High Risk Neuroblastoma Study 1 (1.5) of SIOP-Europe (SIOPEN)
In this protocol the term high-risk neuroblastoma refers to children with either
- disseminated disease (INSS stage 4: about 40 to 50% of all neuroblastoma) over the age
of one or
- INSS stage 2 and 3 disease with amplification of the MycN proto-oncogene
Between 10% and 20% of children with stage 3 and occasional patients with stage 2 disease
are characterised by amplification of the MycN gene in their tumours. This biological
characteristic has clearly been shown to be associated with a greater risk of relapse and
death from disease progression. These patients may benefit from very aggressive treatment
and, based on this hypothesis, they are included in this protocol.
- Infants (< 12 months at diagnosis) with MYCN amplified tumours are included. Children
with this type of presentation and age represent the largest neuroblastoma subgroup.
Their prognosis remains poor in most cases and our ability to predict the clinical
course and the outcome of the individual patient is modest.
R0 randomisation: R0 was opened with the study activation in February 2002 and closed in
November 2005. The randomised use of G-CSF during COJEC induction resulted in the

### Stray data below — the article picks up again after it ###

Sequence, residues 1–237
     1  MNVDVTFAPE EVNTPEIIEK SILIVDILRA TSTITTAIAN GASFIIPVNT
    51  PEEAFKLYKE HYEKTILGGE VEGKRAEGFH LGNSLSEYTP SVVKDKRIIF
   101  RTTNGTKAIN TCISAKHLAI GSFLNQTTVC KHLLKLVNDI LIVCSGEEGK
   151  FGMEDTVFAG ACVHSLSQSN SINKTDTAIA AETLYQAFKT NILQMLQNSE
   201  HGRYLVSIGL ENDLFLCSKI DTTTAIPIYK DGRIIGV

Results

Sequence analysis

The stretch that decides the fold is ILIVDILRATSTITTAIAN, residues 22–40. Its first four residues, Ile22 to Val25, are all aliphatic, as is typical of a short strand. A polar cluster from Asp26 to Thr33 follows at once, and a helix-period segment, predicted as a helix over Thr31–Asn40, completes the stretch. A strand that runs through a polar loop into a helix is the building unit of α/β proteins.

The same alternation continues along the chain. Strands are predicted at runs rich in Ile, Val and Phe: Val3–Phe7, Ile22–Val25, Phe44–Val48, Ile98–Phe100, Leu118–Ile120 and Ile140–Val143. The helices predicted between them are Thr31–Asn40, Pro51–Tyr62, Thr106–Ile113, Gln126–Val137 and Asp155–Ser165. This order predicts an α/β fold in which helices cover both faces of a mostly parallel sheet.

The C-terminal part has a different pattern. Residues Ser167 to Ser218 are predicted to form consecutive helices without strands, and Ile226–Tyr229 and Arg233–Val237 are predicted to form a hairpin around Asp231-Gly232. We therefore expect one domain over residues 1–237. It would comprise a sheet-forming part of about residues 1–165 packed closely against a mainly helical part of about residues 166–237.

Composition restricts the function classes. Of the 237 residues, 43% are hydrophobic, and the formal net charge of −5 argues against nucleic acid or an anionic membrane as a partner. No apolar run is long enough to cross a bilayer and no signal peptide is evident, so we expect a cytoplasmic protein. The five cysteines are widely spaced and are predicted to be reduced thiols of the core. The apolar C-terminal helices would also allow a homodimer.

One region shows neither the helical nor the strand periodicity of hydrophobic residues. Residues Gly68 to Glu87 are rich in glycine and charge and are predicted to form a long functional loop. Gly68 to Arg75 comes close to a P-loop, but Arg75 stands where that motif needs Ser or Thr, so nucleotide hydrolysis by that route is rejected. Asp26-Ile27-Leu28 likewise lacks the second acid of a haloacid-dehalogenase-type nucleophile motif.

recommendation of the prophylactic use of G-CSF to prevent episodes of febrile neutropenia
R1 randomisation: R1 was opened with the study activation in February 2002 and closed in
10/2010 following the results showing significant superiority of myeloablative therapy (MAT)
with busulfan and melphalan over continuous infusion of carboplatin, etoposide and melphalan
(CEM). BuMel is now the standard MAT.
R2 randomisation: R2 was activated in November 2006 (13-cis retinoic acid +/- chimeric
ch14.18/CHO antibody) and modified in July 2009. R2 randomisation now tests the hypothesis
that immunotherapy with chimeric 14.18/CHO and subcutaneous aldesleukin (IL-2, Proleukin®),
following MAT and autologous stem cell transplantation, in addition to differentiation
therapy with 13-cis retinoic acid, will improve 3-year EFS in patients with high-risk
R3 randomisation: R3 was opened in June 2011 and tests the hypothesis that modified N7
induction regimen will improve the metastatic response rates or event free survival (EFS) as
compared to Rapid COJEC.
Allocation: Randomized, Endpoint Classification: Safety/Efficacy Study, Intervention Model: Parallel Assignment, Masking: Open Label, Primary Purpose: Treatment
Event Free Survival (R1: MAT therapy)
The primary endpoint was the event free survival (EFS) calculated from the date of the first R1 randomisation. The following was considered as event: disease progression or relapse death from any cause second neoplasm Patients lost to follow up without event were considered at the date of their last follow up evaluation. R1 has been closed in October 2010 following the results of R1 randomisation showing significant superiority for myeloablative therapy (MAT) with busulfan and melphalan (BuMel) in patients with high risk neuroblastoma over MAT with continuous infusion of carboplatin, etoposide and melphalan (CEM). BuMel is now the standard MAT.
Up to three years
Ruth L Ladenstein, MD, MBA, cPM
St. Anna Kinderkrebsforschung
Austria: Agency for Health and Food Safety